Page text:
LIVED AND REMEMBERED EXPERIENCES: POLICING TO IMPROVE RELATIONS WITH COMMUNITIES OF COLOR
Elow, Christine A.
Halladay, Carolyn C.
MetadataShow full item record
Critical race theory (CRT) contends that U.S. structures and institutions have created a society in which White superiority and Black subjugation are widespread. Law enforcement—far from supporting justice—has been a primary source of oppression and marginalization of Black people. Drawing on CRT, this thesis examines the U.S. history of policing and its role in enforcing racism through policing practices. A CRT lens shows how the racialized policing of the past persists in contemporary policing. This perspective suggests that Black individuals experience trauma through encounters with the police, and the history and contemporary reality of racialized policing erode trust between the police and Black people. This thesis argues that if police officers were trained to understand the history of racialized policing and the brutality it has waged against Blacks—and the ways current policing implicitly mimic the explicit racist practices of the past—then policing could change for the better. Following the recommendations of the 21st Century Policing report, this thesis suggests that police officers need to develop “critical empathy,” an educated, empathic awareness of the history of racialized policing and the trauma it produces, if police are to become guardians of individuals and communities of color.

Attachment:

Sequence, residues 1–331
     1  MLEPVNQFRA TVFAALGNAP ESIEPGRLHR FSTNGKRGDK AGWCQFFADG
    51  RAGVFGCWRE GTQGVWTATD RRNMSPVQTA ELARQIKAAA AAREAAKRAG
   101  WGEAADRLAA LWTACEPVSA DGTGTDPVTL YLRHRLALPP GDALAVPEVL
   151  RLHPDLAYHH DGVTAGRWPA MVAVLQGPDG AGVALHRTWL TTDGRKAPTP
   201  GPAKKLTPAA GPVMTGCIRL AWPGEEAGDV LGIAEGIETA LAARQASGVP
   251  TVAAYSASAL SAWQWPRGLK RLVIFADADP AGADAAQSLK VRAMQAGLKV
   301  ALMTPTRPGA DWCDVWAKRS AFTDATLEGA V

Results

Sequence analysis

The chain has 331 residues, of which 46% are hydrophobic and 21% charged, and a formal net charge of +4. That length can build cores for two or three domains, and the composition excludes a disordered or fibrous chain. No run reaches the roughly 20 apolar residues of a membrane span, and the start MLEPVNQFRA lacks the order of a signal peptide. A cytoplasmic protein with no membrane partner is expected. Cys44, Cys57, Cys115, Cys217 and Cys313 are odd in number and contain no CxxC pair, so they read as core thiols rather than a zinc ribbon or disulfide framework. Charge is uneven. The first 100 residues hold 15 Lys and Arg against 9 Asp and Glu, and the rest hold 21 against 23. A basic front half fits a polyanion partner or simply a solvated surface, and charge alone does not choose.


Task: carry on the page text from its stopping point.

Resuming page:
RightsCopyright is reserved by the copyright owner.
Showing items related by title, author, creator and subject.
Naval Postgraduate School Center for Homeland Defense and Security (CHDS) (Monterey, California. Naval Postgraduate SchoolCenter for Homeland Defense and Security, 2009-05);May 2009. This issue of Homeland Security Affairs opens on a sad note: Rich Cooper’s memoriam to Inspector Matthew Simeone, who passed away in March of this year. Co-president of cohort 0601-0602, Matt graduated from the ...
Protecting small communities through domestic policing adopting an information analysis system to recognize potential terrorist activity Perry, Donnie. (Monterey, California. Naval Postgraduate School, 2009-09);Throughout history, the role of law enforcement has never been more demanding than it is today. In the aftermath of 9/11, local law enforcement agencies have recognized the need to develop new capabilities to protect ...
Boe, Theodore A. (Monterey, CA; Naval Postgraduate School, 2019-09);Policing is at a critical point in its history, with ever-increasing expectations on law enforcement and evidence of mistrust among the communities they serve, particularly in communities of color. Negative encounters ...